Pew Study: Americans Want Paid Leave, Want Employers to Offer It

According to the Pew Research Center, paid family and medical leave has generally broad support, but the devil is in the details—in terms of employee impact, policy strategy, and outsider support.

Paid family and medical leave is one of those things that’s sounds good but has proved complicated to implement.

And a recent Pew Research Center study reveals why that is. “Americans Widely Support Paid Family and Medical Leave, but Differ Over Specific Policies,” released last week, shows that most people support paid medical leave. In the case of sick individuals, 85 percent of those surveyed said workers should receive paid leave. For working mothers and fathers, 82 percent in the survey said women should receive paid leave after giving birth or adopting, and 69 percent said men should receive paid paternity leave.

The challenge, however, comes down to who should pay. And, according to the study, Americans generally put the onus onto individual employers rather than federal or state governments.

But this point becomes even more complicated when further narrowed down: Slightly more than half of those surveyed (51 percent) said the federal government should mandate that employers cover paid family and medical leave, while 48 percent said employers should be able to decide whether to offer that leave.

In other words, the policy questions around the issue are muddled.

“There’s no public consensus on the best policy approach for providing paid family and medical leave,” the report states. “In general, the public has a more positive view of policies that incentivize employers or employees rather than those that create a new government fund to finance and administer the benefit.”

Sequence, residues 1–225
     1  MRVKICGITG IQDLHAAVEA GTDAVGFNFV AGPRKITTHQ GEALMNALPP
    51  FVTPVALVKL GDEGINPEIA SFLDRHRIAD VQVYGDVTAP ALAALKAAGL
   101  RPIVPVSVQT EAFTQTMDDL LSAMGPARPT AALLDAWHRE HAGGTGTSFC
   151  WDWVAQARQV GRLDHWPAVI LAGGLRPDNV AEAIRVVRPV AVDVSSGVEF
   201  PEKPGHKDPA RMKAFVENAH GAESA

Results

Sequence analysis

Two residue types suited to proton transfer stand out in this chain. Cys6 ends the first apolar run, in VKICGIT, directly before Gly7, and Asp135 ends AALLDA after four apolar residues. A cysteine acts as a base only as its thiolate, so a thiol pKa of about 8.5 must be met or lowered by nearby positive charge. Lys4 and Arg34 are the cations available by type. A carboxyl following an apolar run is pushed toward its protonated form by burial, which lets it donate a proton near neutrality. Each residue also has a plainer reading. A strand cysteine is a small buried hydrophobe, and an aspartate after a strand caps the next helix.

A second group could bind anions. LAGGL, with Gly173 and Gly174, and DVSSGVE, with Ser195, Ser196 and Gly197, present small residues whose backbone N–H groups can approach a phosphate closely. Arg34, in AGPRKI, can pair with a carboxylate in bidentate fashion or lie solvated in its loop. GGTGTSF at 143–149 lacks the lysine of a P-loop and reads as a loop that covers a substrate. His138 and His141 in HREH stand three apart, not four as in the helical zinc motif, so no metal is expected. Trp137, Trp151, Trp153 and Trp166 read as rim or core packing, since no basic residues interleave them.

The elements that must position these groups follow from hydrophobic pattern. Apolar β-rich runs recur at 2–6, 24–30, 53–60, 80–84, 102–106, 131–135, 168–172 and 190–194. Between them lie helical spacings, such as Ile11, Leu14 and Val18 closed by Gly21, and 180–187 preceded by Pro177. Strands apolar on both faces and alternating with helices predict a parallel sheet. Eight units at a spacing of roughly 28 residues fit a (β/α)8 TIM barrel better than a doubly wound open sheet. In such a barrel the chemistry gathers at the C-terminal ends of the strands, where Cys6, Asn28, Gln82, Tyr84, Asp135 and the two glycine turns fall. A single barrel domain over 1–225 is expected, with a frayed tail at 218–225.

The study also highlighted major concerns that come with maternity leave. For example, paid programs tend to be available more commonly for higher-income adults than for those with lower-paying jobs.

Additionally, paid leave raises job security concerns. More than half of all workers who take leave end up returning early, partly out of concern of their coworkers taking on additional work, and partly out of worries that being on leave could affect their advancement.

In fact, a quarter of women who took such leave within the past two years found that it had a negative impact on their job or career, according to Pew.

On the other side of the coin, 55 percent of the U.S. population believes it is somewhat common to abuse the privilege—with those who lean Republican more likely to think so than those who identify as Democrats.

In comments to Bloomberg, Families and Work Institute President Ellen Galinsky noted the issues such attitudes can create.

“People don’t feel safe in using it largely because of attitudes like that,” she told the wire service. “Although we recognize how important leave is, unless there is a culture that supports it, people are going to worry.”

The Pew report comes on the heels of a Boston Consulting Group report, released earlier this year, that attempts to make the case that paid family leave helps improve retention rates and employee morale.


Ernie Smith

By Ernie Smith

Ernie Smith is a former senior editor for Associations Now. MORE

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